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Headsets.com Tweaks Web Site Design Based On User Testing Featured

  • Written by  Alicia Fiorletta

Headsets
A company selling headsets may find it logical to organize its e-Commerce site by types of headsets. But many consumers do not know enough about the various headset styles to quickly and easily find what they need.

Visitors to Headsets.com were getting lost as they navigated the site. Google Analytics was showing unusually high bounce rates from secondary pages, indicating that customers were not getting very far in the buying process.

“When running user tests we noticed over and over again that people were unsure about where to click to find the headset that was right for them,” explained Mike Faith, CEO of Headsets.com.  “Our navigation used terms that seemed really clear to us, but left many testers scratching their heads. We could hear the hesitation in their voices as they hovered over our navigation choices. It became very clear that they wanted to find the right headset for them, but they weren’t sure how.”

While Headsets.com gained some insights by recruiting user test participants on Craigslist, the process was inefficient, Faith noted. Testers did not always show up and it took several days to compile the results.

The eTailer turned to UserTesting.com to streamline the process of gathering user feedback to improve the customer experience.  The usability testing system, which Headsets.com has had in place since 2009, has prompted adjustments to the web site over the years, according to Faith.

“The most important feature to us is just how fast and easy it is,” Faith said. “It only takes a couple of minutes to set up a test and then we have results in an hour. It saves us time and money, and we’re always impressed with the insights we get.”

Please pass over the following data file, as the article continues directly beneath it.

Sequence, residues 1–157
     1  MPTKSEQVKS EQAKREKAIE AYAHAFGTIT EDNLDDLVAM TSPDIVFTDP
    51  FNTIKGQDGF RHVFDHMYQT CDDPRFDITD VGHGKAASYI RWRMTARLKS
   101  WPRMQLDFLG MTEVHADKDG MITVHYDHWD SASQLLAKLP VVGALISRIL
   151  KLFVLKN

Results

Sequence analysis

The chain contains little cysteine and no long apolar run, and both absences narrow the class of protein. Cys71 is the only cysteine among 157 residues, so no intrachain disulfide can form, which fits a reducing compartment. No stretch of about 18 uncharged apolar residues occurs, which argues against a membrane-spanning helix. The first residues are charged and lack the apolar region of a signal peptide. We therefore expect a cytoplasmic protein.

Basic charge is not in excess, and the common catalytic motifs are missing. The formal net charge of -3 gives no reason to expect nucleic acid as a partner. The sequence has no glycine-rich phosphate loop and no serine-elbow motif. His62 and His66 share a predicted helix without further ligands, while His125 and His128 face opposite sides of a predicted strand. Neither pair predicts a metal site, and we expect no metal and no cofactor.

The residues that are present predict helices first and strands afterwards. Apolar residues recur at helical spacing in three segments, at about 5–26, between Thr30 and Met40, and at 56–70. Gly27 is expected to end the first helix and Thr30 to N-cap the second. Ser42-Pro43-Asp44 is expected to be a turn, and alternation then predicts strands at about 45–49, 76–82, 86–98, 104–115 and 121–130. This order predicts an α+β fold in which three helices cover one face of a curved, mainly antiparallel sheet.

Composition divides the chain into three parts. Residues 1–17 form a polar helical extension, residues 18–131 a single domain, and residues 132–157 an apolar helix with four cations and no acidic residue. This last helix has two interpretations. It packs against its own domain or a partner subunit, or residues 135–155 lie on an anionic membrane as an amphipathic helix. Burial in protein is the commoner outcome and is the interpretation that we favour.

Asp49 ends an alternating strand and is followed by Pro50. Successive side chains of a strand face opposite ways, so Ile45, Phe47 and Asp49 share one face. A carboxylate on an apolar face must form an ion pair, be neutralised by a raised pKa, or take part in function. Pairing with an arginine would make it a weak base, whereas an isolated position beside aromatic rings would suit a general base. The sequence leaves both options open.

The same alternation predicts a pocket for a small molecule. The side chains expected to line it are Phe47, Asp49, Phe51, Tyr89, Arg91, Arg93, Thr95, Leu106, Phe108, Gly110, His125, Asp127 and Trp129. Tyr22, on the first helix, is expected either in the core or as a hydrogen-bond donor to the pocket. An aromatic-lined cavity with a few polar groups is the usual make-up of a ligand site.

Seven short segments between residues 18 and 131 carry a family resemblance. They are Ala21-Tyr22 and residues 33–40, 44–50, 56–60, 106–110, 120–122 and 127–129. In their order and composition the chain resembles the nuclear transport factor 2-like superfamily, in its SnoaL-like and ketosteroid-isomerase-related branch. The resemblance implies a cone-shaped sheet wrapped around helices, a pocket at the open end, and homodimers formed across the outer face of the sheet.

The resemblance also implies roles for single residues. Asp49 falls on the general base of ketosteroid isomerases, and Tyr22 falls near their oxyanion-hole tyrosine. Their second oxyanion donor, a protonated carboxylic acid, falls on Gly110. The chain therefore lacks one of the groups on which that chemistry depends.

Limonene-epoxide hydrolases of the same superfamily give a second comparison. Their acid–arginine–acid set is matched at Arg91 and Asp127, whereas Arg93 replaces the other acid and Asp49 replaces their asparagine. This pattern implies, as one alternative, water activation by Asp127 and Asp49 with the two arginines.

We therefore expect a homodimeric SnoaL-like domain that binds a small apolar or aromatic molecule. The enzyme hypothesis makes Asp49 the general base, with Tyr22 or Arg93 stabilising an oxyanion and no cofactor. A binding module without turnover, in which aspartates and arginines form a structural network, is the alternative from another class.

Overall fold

Testing Leads To Higher Conversion Rates

In one instance, Headsets.com used UserTesting.com to run an A/B test, with the B group being presented with a different navigation process than what was on the web site at the time. In the B scenario, visitors were asked to first identify the type of phone they planned to use with the headset. This had an immediate impact on the customer experience and resulted in a 10% increase in the eTailer’s conversion rate, according to Faith.

This adjustment led to other changes on the site, Faith noted. “For example, we added icons to our navigation and also added a separate tool that helps our customers find the right headset for them with just a few clicks.”

Some of the most valuable feedback has come from asking users to perform simple tasks on the site, Faith explained. “We’ll ask them to look for a headset to use with their office phone, add it to their cart, and then proceed as far in the checkout process as they possibly can. I realize this sounds ridiculously simple, but it always produces great insight. We’ve been watching these for years and we’re still learning by watching users.”

Faith emphasized the need to continuously improve the customer experience. “For us, it’s not about one particular site design; it’s about a steady improvement to give our customers an even better experience. Some weeks a user test will spark an idea for new navigation, and other weeks it will spark an idea for an entire redesign. It depends on what we see in the user tests and what we think will be best for our customer.”

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